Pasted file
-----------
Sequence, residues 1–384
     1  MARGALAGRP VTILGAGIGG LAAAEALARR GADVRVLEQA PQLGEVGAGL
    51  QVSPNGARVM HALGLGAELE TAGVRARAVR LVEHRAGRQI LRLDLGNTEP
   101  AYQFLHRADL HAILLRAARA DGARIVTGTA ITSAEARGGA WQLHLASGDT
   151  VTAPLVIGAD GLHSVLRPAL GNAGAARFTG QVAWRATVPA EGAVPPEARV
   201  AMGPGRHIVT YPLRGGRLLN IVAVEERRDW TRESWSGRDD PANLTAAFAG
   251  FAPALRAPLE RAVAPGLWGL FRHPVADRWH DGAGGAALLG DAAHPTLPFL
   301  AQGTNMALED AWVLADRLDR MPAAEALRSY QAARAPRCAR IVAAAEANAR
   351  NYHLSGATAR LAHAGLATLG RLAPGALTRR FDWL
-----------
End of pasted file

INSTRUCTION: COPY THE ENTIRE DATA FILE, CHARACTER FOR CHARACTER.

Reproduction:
Sequence, residues 1–384
     1  MARGALAGRP VTILGAGIGG LAAAEALARR GADVRVLEQA PQLGEVGAGL
    51  QVSPNGARVM HALGLGAELE TAGVRARAVR LVEHRAGRQI LRLDLGNTEP
   101  AYQFLHRADL HAILLRAARA DGARIVTGTA ITSAEARGGA WQLHLASGDT
   151  VTAPLVIGAD GLHSVLRPAL GNAGAARFTG QVAWRATVPA EGAVPPEARV
   201  AMGPGRHIVT YPLRGGRLLN IVAVEERRDW TRESWSGRDD PANLTAAFAG
   251  FAPALRAPLE RAVAPGLWGL FRHPVADRWH DGAGGAALLG DAAHPTLPFL
   301  AQGTNMALED AWVLADRLDR MPAAEALRSY QAARAPRCAR IVAAAEANAR
   351  NYHLSGATAR LAHAGLATLG RLAPGALTRR FDWL